False information being spread internationally.

Hello, talkers need help here lately i have been following a facebook page " https://m.facebook.com/?_rdr#~!/ChinaAfricaProject/ " …inaitwa china africa project jst incase link doesnt work but all the info being spread apo has been negative towards china relation with africa…yeah yeah najua kuna mtu atasema si ka ni false news stop following it …bt ukweli ni jst like how cnn was doing ni wat this stupid guy is doing spreading wrong info about china realtion with africa …Am team china for Africa atleast they are helping not the western who only so africa as filled with stupid ppl…western fed us fish but china is teaching us to fish. Someone tell me if all this figures are right…@spear and the rest(add to it we import electricity bt wat this links says is uncomprehending…correct me if am wrong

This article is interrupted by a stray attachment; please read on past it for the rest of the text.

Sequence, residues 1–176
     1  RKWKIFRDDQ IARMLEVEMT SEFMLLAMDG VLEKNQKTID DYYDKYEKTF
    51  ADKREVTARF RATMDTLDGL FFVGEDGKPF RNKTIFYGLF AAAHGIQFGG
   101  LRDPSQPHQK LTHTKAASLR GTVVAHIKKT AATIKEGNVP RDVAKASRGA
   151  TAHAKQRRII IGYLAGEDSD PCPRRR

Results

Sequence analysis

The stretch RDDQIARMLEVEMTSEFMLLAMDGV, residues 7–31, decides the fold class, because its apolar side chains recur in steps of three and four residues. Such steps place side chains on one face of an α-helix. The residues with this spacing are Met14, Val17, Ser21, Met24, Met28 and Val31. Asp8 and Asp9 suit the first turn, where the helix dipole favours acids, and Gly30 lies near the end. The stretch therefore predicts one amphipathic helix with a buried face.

[SIZE=6]Why Kenya’s push for nuclear power rests on false or fanciful premises[/SIZE]
Brendon J. Cannon 20 Dec 2017 09:52

High voltage electrical pylons on the outskirts of Kenya’s capital Nairobi. (Thomas Mukoya/Reuters)

Russia, China, South Korea and Slovakia which involve the building of four nuclear power plants with a total output of 4 000 MW. France is apparently also eyeing the potentially lucrative deals which would nearly doubleKenya’s current electricity capacity.

Kenya’s Nuclear Electricity Board secured the global atomic energy agency’s approvalin 2016. It hopes to have the first plant online anywhere from 2022 to 2027, leading a new African push for nuclear power. The only country currently generating nuclear is South Africa.